On the last leg of our road trip, Michaela and I stopped in Medicine Bow at the museum. Small museums tend to be fairly informal and have a lot of objects, like this collection of cameras, that tell the story of the community.
We ended up at the museum because what we were looking for in the small town wasn’t where it was supposed to be. We were on the hunt for one of the Delimitations project obelisks along the 1821 border of Mexico and the U.S. It ran up through Colorado (where I grew up was part of Mexico in 1821), across Wyoming and all the way to the Pacific coast through Oregon.
We drove up and down Maple Street, where the obelisk was supposed to be located in a front yard, but couldn’t find it. We drove around a few blocks (which means most of Medicine Bow), but never saw it. So we thought perhaps the obelisk had been relocated to the museum and headed there.
The obelisk wasn’t outside, where we thought it might be, so we went in. The attendant was quite friendly and we asked her if she knew about it. When we described it to her and where it was supposed to be, her face lit up with recognition. She knew the woman who owned the rental house, so the attendant called her friend. By only hearing one side of the conversation, we could tell her friend was a bit agitated. Her daughter had given the obelisk to a woman in town who had a reputation for hoarding (she was also currently married to the attendant’s ex-husband, but a good stepmother to the children) and the property owner was none too happy about it!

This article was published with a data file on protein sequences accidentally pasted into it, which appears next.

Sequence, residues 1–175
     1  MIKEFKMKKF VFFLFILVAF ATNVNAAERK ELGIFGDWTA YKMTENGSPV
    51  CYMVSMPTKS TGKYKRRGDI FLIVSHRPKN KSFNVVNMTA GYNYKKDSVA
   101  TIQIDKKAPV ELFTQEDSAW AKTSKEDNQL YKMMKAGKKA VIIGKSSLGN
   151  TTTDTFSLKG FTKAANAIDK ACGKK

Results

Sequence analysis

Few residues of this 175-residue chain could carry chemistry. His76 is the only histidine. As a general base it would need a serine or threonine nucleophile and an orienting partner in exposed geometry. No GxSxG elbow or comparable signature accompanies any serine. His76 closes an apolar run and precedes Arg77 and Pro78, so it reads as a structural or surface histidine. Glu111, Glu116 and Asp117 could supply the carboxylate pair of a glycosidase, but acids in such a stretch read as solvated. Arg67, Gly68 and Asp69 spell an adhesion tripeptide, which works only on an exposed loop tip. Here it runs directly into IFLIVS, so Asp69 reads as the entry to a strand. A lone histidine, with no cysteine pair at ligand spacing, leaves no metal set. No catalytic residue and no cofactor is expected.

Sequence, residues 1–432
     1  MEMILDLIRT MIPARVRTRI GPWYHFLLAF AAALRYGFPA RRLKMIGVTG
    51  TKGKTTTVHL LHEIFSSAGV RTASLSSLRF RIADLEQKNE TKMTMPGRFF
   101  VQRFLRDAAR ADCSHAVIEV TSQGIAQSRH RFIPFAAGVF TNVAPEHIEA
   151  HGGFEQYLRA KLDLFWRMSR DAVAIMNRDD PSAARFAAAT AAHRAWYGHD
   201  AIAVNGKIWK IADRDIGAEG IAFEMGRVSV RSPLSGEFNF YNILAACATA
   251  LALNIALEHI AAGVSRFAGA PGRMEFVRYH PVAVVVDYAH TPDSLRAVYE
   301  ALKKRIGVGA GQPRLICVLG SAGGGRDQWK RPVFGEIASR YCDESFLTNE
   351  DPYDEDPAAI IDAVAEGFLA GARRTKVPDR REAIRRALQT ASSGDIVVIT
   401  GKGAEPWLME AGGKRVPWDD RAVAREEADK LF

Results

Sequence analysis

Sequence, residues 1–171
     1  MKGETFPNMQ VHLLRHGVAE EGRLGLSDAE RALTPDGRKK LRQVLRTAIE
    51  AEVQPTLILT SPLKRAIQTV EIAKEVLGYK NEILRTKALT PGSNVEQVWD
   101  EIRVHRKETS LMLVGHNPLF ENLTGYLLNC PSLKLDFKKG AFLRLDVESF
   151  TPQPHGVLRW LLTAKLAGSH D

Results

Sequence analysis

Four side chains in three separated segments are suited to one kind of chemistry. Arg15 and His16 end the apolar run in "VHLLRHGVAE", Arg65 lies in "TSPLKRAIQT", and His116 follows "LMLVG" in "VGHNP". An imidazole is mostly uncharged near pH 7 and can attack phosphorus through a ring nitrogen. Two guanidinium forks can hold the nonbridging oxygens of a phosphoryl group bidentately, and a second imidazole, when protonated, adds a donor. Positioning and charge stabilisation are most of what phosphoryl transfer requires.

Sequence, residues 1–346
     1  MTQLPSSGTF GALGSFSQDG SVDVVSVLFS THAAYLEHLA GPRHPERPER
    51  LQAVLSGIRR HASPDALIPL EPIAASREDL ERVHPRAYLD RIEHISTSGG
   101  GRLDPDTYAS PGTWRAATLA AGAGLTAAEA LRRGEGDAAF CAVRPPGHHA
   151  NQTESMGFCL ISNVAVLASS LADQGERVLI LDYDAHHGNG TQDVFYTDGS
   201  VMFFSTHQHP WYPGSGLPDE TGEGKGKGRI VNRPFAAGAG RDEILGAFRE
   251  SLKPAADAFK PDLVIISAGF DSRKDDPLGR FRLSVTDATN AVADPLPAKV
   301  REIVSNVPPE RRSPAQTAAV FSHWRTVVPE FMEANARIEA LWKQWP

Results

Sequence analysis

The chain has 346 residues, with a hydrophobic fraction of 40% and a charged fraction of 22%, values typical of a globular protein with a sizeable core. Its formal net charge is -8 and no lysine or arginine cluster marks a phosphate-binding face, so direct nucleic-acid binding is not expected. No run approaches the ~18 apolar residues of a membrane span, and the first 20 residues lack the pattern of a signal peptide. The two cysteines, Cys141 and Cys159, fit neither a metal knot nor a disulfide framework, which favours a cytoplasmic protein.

The hunt for an object meant to silently communicate about history led us to hear an unforgettable story of small-town drama – perfect for the final chapter of the Grand Wyoming Tour.